Blood Sweat and Glitter
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"So, what're you working on?"

Cornelius Młynarczyk let out a small yelp, spilling coloured beads across his work-surface and onto the faded lilac tiles. With a pointed glare towards the occupant of the opposite desk, he swept what little he could into a small plastic bag, and placed it to one side. The man who had spoken grinned sheepishly.

"Sorry! It looked interesting, and I haven't really talked to anyone since they moved me up here. Though it'd be good to build up a friendly working relationship, y'know? My name's Tango Matelli." He thrust a hand through the forest of stationery and tools that separated them. "Pleased to meetcha."

Cornelius pinched the bridge of his nose and groaned inwardly. On his desk, a small plastic flower vibrated as its sunny yellow face began to redden with anger. Professionalism, right. He forced the widest smile he could muster, and began the arduous trek through small-talk that would no-doubt eventually leave him stranded and alone in the mires of conversation.

"Oh, it's… nothing, really. Just a little side-project while I wait for my next big pitch to go through."

The conversationalist furrowed his brow and withdrew his unshaken hand. Not one to be deterred, his cheerful demeanour quickly returned, and he tried a different tack. "Well, it certainly looks better than what I've got!"

Cornelius wasn't looking. Perhaps, thought Tango, he didn't quite understand. By way of demonstration, Tango held up a painted wooden boat whose sails rippled softly in the building's windless air.

"It's a ship, you see. I wanted it to make you — that is, the kid — feel like you were actually there. Sailing, I mean. It's, um, not quite working out."

Without waiting for a response, he reached out and placed the boat on Cornelius' desk. Instinctively, Cornelius moved to return it, and in doing so brushed his fingers lightly against the sail. What he saw…

Was water, stretching out in all directions. All directions — there was water above and below him, too; a thousand sea-surface planes arranged in a chaotic, intersecting shimmer. He tried to turn, and felt his body pass simultaneously in and out of a hundred different oceans, the irregular buoyancy pulling him off-balance and sending him spinning into…

Well, there definitely wasn't anything that could have been called a 'sun' before, but now there was even less so. The water was darkening in places, replacing pleasant streams of sunlight with cold, churning depths. Attempts to float up were met with sensations of bubbles rising up (or down, perhaps. Maybe backwards, or starboard? He couldn't tell any more) past him as he descended (or not) through the layers of abyss.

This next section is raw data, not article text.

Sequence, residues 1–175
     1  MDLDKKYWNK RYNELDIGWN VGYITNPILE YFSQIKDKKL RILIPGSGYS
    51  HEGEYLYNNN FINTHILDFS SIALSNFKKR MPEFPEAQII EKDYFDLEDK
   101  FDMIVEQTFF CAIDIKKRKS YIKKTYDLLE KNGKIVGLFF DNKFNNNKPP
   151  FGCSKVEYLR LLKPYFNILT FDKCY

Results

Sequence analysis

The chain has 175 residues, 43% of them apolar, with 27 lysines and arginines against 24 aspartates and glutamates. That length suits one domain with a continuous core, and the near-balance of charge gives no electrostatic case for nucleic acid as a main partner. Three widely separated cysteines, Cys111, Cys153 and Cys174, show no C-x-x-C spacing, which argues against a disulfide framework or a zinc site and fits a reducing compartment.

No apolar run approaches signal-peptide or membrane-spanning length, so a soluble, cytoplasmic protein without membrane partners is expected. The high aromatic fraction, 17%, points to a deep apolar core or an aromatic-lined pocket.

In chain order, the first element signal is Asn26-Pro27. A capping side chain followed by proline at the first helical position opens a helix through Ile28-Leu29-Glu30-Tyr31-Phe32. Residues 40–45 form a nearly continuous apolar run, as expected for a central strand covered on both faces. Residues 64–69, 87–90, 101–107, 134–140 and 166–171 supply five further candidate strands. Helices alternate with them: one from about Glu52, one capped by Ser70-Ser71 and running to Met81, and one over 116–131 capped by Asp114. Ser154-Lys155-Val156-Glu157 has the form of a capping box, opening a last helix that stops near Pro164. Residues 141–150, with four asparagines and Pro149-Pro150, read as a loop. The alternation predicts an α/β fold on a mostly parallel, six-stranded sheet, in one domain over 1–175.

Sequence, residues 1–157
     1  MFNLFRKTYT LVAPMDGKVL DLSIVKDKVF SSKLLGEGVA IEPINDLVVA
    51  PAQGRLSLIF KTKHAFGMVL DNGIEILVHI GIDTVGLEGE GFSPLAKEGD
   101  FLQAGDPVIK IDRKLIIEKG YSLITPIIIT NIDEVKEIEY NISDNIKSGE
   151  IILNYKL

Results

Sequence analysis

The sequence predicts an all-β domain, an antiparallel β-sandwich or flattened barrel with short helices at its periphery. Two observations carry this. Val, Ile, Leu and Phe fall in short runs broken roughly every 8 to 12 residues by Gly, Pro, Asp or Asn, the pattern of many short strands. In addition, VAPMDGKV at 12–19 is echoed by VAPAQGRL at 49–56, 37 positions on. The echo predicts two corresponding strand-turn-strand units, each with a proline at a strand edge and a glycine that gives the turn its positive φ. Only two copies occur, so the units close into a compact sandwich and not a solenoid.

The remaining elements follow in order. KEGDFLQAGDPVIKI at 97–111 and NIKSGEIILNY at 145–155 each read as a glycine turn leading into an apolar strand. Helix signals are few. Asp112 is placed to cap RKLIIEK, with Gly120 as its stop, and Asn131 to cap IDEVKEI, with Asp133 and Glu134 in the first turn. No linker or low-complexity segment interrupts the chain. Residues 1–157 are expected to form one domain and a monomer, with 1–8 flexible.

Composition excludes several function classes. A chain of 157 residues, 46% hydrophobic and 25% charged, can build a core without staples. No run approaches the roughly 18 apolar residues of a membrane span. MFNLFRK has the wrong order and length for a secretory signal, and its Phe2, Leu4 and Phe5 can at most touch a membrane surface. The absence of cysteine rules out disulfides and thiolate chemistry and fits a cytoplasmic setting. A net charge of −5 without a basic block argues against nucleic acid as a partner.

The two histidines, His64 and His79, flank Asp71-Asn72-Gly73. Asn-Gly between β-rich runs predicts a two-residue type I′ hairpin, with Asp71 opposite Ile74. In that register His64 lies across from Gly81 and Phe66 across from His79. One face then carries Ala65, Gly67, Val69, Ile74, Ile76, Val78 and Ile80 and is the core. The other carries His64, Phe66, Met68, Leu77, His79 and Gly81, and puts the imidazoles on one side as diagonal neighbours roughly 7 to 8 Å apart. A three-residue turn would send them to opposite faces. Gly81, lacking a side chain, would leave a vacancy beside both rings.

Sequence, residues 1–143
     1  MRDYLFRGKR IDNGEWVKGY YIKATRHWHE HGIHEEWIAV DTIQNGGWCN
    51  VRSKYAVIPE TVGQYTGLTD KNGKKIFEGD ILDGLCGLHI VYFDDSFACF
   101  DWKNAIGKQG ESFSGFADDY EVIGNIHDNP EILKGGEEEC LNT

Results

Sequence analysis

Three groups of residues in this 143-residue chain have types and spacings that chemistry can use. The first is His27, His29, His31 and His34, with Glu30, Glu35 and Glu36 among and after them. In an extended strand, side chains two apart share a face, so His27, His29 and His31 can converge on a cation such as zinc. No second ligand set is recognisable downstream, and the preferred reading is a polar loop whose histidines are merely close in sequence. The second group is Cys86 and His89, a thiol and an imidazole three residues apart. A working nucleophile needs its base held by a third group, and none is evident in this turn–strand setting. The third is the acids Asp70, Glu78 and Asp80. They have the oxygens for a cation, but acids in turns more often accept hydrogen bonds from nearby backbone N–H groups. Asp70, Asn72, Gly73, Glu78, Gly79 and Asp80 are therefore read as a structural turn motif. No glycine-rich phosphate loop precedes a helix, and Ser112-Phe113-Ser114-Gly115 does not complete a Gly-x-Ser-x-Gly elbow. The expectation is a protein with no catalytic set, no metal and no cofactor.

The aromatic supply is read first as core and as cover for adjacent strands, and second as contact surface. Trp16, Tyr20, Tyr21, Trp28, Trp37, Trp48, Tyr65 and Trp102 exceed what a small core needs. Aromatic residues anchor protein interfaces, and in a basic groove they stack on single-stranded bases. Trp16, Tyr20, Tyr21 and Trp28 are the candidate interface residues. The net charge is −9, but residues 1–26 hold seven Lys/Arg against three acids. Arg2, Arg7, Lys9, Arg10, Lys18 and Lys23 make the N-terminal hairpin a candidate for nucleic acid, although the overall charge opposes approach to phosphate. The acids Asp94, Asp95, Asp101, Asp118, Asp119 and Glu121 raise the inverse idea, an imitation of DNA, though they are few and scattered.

He stayed there, sinking slowly into innumerable depths, for quite some time before he realised he wasn't breathing. And once he noticed it, it became a much more pressing urge. No longer did the icy water filling his lungs feel natural; now it was unfamiliar, alien, and dangerous. He gagged and spluttered, trying to force his body to draw air in from somewhere, anywhere other than this place, this nightmare of a dreamscape, this-

Wait. Nightmare. It wasn't real, of course it wasn't real. He was an idiot for not noticing sooner, but isn't that always the way with dreams? It was clearly an induced hallucination. That bloody boat. But at least it meant that this was his mind, beneath all the poorly rendered saltwater. He was in control. With no small amount of effort Cornelius relaxed his chest, closing his eyes and letting his body drift into warmer, tropical pools. The fractures in the water were aligning now, blending together into a single solid body, through which he could ascend, and ascend, and-


Cornelius blinked. Excuse me, he thought to himself, whose mind is this? Did I say a thought like this could happen? A pause. No, I bloody well didn't.


Listen, thought, I don't know who you are or what you're doing in my head, but you're nasty and intrusive and you need to leave. Besides, those statistics are all wildly exaggerated. There's nothing you can do that'll make me scared of-

Dunnnnnnn dun dun dun dun dun dun dun dun dun dun-

Oh bollocks.

Dunnnn dunnnn!

And then he was eaten by a shark.

After a depressingly long while of watching Cornelius make vague swimming motions at his desk, Tango fetched a nearby patrolling Totem, which (after a lot of trial and error) managed to reverse the effect enough for Cornelius to regain the majority of his mental faculties. After the poor man had finished vomiting saltwater, and Tango had finished apologising profusely to anybody who happened to be passing, the two were docked a shift's pay and returned to their stations.

Fifteen minutes passed without a sound. The rest of the workshop was locked in a kind of rigid second-hand tension, and Tango felt an extreme disinclination to tamper with his project. Cornelius set about painstakingly replacing the three-hundred and twelve beads that had been dislodged earlier. All was silent, saving maybe an occasional cough, or the soft whirr of a belt sander.

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